Britain will step up international pressure on British tax evaders after reaching an agreement with Switzerland, Chancellor of the Exchequer George Osborne said on Saturday.
Osborne said last week’s deal with Switzerland to tax money kept by British residents in secret Swiss bank accounts was “just the start.”
“We’re looking to do more and increase international pressure on those that refuse to cooperate. The number of places to hide money away from the taxman will get smaller and smaller,” he wrote in an article for The Observer newspaper.
Under the deal, Swiss banks will have to pay 500 million Swiss francs (US$630 million) upfront and a retro-active levy could net about ￡5 billion (US$8.2 billion) for the British government, keen to boost revenue as it struggles with one of the largest budget deficits among industrialized countries.
Calling tax evaders “leeches on society,” Osborne said: “My message to those who try to hide their incomes from the Revenue [British tax authority] in offshore bank accounts and false declarations is simple: We will find you and your money.”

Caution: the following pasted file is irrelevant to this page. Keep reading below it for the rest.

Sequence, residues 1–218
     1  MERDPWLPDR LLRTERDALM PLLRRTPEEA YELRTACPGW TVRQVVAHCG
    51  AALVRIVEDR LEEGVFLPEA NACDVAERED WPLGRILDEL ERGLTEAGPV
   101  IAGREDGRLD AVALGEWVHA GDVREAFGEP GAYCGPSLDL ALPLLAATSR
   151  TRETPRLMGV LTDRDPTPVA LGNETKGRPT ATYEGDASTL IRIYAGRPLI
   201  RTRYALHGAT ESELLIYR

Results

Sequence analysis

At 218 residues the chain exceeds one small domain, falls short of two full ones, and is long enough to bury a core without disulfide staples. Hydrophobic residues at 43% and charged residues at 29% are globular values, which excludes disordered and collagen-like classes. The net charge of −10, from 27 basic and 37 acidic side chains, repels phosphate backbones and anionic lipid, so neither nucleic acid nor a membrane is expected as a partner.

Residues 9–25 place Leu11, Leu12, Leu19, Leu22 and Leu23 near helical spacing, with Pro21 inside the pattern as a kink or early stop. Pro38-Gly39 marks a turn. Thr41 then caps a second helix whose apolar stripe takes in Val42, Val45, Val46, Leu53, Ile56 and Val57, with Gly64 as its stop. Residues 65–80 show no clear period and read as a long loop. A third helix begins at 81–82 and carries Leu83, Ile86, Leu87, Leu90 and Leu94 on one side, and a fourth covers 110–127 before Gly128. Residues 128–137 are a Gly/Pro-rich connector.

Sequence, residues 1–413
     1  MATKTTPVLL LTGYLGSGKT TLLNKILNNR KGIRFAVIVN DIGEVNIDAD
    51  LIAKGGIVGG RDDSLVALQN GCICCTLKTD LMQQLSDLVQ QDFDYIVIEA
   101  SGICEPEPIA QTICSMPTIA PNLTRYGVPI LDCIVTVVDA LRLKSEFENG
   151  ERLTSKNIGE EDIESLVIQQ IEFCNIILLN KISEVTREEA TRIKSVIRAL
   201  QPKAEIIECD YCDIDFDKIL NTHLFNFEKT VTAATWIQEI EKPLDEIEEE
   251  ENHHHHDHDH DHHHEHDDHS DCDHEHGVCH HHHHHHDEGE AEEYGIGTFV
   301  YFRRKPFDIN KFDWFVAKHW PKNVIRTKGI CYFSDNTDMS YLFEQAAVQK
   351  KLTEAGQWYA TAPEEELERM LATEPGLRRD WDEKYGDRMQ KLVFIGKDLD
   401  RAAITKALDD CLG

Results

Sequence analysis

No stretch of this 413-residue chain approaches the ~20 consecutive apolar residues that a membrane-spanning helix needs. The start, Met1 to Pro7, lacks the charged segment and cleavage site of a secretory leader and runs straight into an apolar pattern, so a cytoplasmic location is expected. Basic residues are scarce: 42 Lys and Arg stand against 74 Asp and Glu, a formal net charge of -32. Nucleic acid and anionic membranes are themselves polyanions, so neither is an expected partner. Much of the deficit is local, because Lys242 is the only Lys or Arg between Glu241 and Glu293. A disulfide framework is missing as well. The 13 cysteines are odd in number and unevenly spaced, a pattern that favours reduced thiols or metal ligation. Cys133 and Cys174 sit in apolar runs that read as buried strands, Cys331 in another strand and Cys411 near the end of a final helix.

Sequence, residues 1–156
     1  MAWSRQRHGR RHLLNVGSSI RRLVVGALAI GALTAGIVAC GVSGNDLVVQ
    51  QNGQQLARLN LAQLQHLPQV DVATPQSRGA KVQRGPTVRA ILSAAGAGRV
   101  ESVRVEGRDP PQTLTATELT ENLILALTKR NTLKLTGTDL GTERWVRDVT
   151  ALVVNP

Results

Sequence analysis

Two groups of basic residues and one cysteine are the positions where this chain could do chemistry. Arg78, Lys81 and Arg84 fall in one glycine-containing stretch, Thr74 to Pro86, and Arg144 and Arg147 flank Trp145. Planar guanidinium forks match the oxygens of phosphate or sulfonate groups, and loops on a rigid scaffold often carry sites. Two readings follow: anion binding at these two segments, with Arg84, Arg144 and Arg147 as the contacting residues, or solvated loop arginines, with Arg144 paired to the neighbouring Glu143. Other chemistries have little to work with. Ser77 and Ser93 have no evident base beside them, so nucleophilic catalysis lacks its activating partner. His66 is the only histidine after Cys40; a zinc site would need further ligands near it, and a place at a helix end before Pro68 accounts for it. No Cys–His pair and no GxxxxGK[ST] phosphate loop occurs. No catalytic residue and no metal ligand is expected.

Tax evaders also made use of tax loopholes, which had multiplied over the last decade, Osborne said.
“It’s up to me ... to close the loopholes down, and the best way is to make the tax code simpler. In the last two budgets we’ve done that,” Osborne said.
Steps to counter tax avoidance in this year’s budget would raise ￡1 billion a year, he said.
Osborne, part of a coalition government which took office after an election last year, accused the previous Labour government of presiding over “a bonanza of tax evasion and avoidance.”
“With this coalition government, the hiding places for tax cheats are systematically being shut down. We will make sure that everyone pays their fair share,” he wrote.
Osborne’s talk follows reports of discussions within the coalition on cutting the 50 percent top rate of income tax for high earners.
That could open the government to charges that the rich are not doing their bit to cut the budget deficit.
The Observer said Osborne’s tax evasion drive could be part of a campaign to counteract any damage to the government’s image from a tax cut for high earners.